Matt Dabbs has an interesting series of posts about using Google’s blog search to determine how frequently different chapters of the Bible are referred to by bloggers, starting with the most blogged scriptures (and then some followups on least blogged Scriptures).
This data would be really interesting to nail down, but (ever the data quibbler) i have some questions about how this works. While i don’t know the details of Matt’s methodology, i expect some typical keyword search problems take their toll here too:
- There are multiple ways to specify a reference (John 3, Jn 3): this has the potential to reduce recall
- Some matches for a given reference may not actually count: for example, the 12th match i found for “John 3” is actually a roster for a Civil War infantry regiment containing the phrase “Adams, John: 3/9/1864”. It’s only one case, but i wonder how many more are lurking.
- A similar problem occurs with some Scripture references themselves: “John 3” also matches “1 John 3”! I wonder if that helps to account for the popularity of John 1, 2, and 3, all of which made the top 15? In these cases, you could subtract the count for “1 John 3” from the count for “John 3”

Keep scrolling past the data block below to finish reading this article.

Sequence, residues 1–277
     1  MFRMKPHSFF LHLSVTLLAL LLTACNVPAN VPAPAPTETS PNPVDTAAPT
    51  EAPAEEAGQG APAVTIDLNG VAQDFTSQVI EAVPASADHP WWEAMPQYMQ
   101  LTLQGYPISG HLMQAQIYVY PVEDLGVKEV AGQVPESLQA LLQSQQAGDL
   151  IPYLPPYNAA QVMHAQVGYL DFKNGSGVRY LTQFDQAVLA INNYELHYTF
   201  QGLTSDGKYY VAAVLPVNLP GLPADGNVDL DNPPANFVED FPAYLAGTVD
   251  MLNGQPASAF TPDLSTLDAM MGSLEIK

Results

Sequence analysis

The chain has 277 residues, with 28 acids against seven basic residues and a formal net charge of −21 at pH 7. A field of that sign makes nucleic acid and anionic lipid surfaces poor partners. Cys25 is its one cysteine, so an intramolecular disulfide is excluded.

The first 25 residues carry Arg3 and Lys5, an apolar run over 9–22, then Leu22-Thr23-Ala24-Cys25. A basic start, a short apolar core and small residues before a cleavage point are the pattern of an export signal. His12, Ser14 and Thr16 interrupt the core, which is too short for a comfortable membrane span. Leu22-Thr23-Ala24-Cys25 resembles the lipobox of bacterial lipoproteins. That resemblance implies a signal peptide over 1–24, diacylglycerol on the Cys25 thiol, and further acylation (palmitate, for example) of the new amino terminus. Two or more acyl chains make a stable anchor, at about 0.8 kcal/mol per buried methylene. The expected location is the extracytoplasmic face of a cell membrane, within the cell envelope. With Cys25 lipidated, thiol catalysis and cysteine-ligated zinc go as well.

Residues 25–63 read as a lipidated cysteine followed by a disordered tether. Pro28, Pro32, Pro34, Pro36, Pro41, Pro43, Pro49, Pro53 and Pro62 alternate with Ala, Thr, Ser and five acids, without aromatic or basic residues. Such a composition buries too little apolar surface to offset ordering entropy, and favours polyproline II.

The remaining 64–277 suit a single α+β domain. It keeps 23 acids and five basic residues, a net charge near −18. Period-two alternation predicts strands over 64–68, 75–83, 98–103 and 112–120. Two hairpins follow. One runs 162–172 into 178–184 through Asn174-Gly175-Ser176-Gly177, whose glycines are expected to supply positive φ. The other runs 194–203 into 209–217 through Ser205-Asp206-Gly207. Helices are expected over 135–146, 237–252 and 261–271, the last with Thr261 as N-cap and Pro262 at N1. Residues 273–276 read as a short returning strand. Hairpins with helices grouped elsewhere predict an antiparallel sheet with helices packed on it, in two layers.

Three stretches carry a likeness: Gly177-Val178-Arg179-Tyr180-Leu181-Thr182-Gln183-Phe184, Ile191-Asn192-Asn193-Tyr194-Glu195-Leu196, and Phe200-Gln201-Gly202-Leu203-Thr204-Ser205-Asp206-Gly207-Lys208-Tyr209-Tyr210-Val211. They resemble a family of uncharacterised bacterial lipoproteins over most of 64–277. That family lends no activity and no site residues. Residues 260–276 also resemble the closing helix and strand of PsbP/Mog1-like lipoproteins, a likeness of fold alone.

- I wondered why only John and Matthew’s Gospels made the top 15: but queries for Mark (or Mk) produce results that are full of non-Biblical acronyms and other misses, and i’ll bet Luke does too.
None of this is to put down Matt’s efforts: even noisy data is more instructive than silence. But this kind of counting can be very tricky business. The ESV blog discussed this topic based on Bible searches on their site a while back.
Given the full text of all these posts, i’ll bet the vocabulary is distinct enough that a statistical text classifier could be trained to determine with high reliability which ones actually referred to Biblical discussions, and which ones didn’t.